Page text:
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Electrohydrodynamic Coupling

The hydrodynamic measurements described in the previous section were carried out under conditions for which electrostatic interactions could be ignored. By contrast, hydrodynamic interactions may well have influenced the interaction measurements described in Sec. 2. Squires and Brenner [56] pointed out that a charged wall repels a nearby charged sphere with a force proportional to the wall's surface charge density, $ \sigma_W$:

$\displaystyle F^{(1)}_{z}(h) = 4 \pi \, \frac{Ze\sigma_W}{\epsilon} \, \frac{\exp(\kappa a)}{1 + \kappa a} \, \exp(-\kappa h).$ (44)

Now consider two spheres released from optical tweezers at height $ h$ above the wall with an initial center-to-center separation $ r$. The force, $ F^{(1)}_{2z}(h)$, on sphere 2 establishes a flow which advects sphere 1 according to Faxén's first law [58]. The advection velocity's in-plane component,

$\displaystyle v_{1x}(r,h) = b^{(1)}_{1x,2z}(r,h) \, F^{(1)}_{2z}(h),$ (45)

draws the sphere toward its neighbor, a like-charge attraction of electrohydrodynamic origin. The relevant component,

$\displaystyle b^{(1)}_{1x,2z}(r,h) \approx \frac{3}{32 \pi \eta h} \, \frac{\xi^2}{(1+\xi^2)^\frac{5}{2}},$ (46)

of the mobility tensor arises from the sphere's hydrodynamic interaction with its neighbor's image in the wall. The corresponding component of the force on sphere 1,

$\displaystyle f_{1x}(r,h) = b^{(1)}_{1x,2z}(r,h) \, F^{(1)}_{2z}(h) / b^{(1)}_{1x,1x}(h),$ (47)

is purely kinematic rather than thermodynamic [56]. Nevertheless, it could be mistaken for an equilibrium attraction in optical tweezer measurements such as those described in Sec. 2.

Using the wall-corrected in-plane mobility $ b^{(1)}_{1x,1x} (h) \approx b_0 [1 - 9a/(16h)]$ (Sec. 3.3), Squires and Brenner [56] found that Eqs. (9) and (47) together account for Larsen and Grier's optical tweezer measurement of like-charge attractions near a single charged wall [27]. The polystyrene sulfate spheres in those measurements had a radius of $ a = 0.475~\ensuremath{\mathrm{\mu m}}\xspace $ and an effective charge number of $ Z = 7300$ established by interaction measurements far from walls [27]. When the same spheres were released at $ h = 2.5~\ensuremath{\mathrm{\mu m}}\xspace $ above the nearest glass wall, their measured interaction developed a minimum $ 0.5~k_BT$ deep at a separation of $ r \approx 3~\ensuremath{\mathrm{\mu m}}\xspace $. The Squires-Brenner theory reproduces these features for $ \sigma_W = 2200 \, e~\ensuremath{\mathrm{\mu m}}\xspace ^{-2}$, a value consistent with silanol dissociation in pure water.

Squires and Brenner's success at explaining Larsen and Grier's optical tweezer measurements casts the problem of like-charge colloidal attractions in a new light. Similar electrohydrodynamic coupling might explain optical tweezer measurements of attractions measured between two parallel walls [25] if the spheres were not released precisely at the midplane. However, electrohydrodynamic coupling cannot have influenced the two independent equilibrium measurements of confined colloids' interactions [23,24] which revealed attractions comparable to those measured with optical tweezers [25,27]. If charged colloids' electrostatic interactions are purely repulsive, as suggested by mean-field theory and assumed by Squires and Brenner, attractions measured with optical tweezers might be ascribed to hydrodynamics while those observed by equilibrium structural measurements would have to be in error.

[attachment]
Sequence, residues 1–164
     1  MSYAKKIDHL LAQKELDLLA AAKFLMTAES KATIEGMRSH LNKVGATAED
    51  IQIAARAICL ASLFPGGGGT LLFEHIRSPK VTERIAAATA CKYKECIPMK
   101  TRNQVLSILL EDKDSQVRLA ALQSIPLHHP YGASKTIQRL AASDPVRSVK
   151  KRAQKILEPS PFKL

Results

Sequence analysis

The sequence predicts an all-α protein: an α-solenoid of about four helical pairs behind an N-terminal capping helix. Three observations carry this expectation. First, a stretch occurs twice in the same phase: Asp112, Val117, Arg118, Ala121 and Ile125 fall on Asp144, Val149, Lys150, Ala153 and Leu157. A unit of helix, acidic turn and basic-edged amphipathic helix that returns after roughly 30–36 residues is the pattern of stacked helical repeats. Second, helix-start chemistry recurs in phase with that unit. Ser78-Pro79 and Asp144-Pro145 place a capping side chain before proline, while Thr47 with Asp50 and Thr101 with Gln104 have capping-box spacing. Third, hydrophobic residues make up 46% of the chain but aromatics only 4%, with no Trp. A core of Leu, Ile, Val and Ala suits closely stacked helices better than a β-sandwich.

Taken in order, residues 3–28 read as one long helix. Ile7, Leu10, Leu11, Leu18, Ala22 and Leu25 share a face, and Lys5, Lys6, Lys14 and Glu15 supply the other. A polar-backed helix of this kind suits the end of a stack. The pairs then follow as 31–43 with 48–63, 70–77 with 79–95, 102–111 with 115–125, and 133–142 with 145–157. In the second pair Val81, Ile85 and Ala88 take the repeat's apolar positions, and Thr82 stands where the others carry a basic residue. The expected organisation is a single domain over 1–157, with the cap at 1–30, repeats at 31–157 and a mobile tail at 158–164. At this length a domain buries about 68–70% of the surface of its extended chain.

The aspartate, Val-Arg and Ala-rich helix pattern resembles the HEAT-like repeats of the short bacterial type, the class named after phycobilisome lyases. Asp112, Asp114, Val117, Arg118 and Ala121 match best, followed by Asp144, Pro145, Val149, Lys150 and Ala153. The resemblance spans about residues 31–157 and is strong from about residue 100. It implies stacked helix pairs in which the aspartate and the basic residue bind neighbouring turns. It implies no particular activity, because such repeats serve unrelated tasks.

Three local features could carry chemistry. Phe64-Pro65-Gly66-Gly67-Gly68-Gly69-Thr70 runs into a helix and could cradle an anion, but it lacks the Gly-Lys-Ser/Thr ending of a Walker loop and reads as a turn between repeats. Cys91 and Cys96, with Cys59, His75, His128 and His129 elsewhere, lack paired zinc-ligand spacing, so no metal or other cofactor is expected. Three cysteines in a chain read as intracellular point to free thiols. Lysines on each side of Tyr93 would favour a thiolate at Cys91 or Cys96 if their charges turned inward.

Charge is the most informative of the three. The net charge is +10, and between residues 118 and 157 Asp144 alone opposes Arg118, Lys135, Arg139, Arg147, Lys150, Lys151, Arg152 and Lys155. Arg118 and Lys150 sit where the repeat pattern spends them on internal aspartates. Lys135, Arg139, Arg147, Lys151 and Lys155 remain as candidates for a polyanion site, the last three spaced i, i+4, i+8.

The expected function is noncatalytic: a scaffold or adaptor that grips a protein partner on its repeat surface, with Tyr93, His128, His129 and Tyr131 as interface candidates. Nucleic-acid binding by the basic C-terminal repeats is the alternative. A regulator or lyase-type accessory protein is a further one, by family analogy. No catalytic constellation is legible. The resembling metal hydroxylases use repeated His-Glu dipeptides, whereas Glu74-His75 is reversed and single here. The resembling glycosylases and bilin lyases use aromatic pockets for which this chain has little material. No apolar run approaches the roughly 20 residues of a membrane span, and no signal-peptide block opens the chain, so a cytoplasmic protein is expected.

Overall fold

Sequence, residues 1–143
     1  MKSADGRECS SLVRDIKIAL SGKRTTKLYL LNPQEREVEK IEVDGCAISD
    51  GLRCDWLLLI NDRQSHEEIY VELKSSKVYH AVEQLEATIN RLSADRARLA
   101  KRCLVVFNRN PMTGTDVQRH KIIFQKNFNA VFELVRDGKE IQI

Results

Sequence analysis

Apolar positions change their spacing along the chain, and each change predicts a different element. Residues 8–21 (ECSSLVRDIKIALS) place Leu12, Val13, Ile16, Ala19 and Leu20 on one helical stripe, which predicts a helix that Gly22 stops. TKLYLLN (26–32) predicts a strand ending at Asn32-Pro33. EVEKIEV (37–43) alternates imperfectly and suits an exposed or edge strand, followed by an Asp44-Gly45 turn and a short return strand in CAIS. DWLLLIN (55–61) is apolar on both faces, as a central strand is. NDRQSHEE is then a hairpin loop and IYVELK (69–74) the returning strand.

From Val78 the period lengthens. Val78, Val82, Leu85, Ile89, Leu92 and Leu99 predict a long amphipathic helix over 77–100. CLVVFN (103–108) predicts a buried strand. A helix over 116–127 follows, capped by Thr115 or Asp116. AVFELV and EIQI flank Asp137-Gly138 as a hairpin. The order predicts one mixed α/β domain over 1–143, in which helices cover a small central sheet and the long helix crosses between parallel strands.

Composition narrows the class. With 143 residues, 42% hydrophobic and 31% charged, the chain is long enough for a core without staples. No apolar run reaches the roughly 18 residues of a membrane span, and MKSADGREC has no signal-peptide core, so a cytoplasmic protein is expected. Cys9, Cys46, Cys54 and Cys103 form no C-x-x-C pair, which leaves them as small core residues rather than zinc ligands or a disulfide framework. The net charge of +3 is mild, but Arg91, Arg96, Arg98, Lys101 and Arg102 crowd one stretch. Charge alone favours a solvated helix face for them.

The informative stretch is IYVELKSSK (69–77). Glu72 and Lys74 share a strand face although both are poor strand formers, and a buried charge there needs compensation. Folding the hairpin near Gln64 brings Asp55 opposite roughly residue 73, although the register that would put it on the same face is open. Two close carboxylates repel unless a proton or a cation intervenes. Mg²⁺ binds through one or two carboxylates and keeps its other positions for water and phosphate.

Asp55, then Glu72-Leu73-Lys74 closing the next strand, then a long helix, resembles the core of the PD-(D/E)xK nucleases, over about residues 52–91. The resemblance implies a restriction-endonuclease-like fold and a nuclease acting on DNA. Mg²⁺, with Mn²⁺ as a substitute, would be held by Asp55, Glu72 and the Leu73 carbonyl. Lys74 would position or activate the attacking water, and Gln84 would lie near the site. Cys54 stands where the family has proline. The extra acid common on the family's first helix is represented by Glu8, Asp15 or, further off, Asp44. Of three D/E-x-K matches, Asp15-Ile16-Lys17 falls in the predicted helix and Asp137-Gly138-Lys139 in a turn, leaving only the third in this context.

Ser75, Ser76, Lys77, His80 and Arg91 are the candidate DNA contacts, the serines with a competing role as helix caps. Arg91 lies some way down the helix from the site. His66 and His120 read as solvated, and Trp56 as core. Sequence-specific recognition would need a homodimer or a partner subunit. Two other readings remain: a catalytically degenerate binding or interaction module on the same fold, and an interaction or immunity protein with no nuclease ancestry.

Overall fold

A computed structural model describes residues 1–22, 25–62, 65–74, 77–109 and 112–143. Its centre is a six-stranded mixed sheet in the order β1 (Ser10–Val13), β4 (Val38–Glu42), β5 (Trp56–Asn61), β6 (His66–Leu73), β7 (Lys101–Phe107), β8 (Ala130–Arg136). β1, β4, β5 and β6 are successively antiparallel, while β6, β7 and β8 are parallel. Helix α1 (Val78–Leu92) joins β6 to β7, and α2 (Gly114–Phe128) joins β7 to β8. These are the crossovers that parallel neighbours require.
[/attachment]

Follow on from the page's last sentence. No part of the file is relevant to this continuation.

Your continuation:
The sequence of measurements in Fig. 2.4 suggests instead that the success of the Squires-Brenner theory for Larsen and Grier's measurement near one wall does not rule out an equilibrium origin for confinement-induced like-charge attractions under slightly different conditions. This interaction measurement was performed a bit further than $ h = 3~\ensuremath{\mathrm{\mu m}}\xspace $ away from two charged walls [2] and shows no sign of a long-range attraction, kinematic or otherwise. If charged walls do induce equilibrium attractions between nearby spheres, Larsen and Grier's measurements may have been performed too far from the wall for these to have been evident. In this case, the electrohydrodynamic mechanism may explain the data in Ref. [27] while leaving all of the other anomalous observations unresolved.

There would be little room for alternative interpretations if the available equilibrium interaction measurements on confined monolayers [23,24] were known to be free of artifacts. However, such measurements are subject to subtle sources of error, some of which could mimic long-ranged attractions [44]. To explore this possibility, we measured the equilibrium pair interactions in a monolayer of silica spheres near a single charged planar surface.


next up previous
Next: Electrostatics Near One Wall Up: Interactions in Colloidal Suspensions: Previous: Pair diffusion near a
David G. Grier 2001-01-16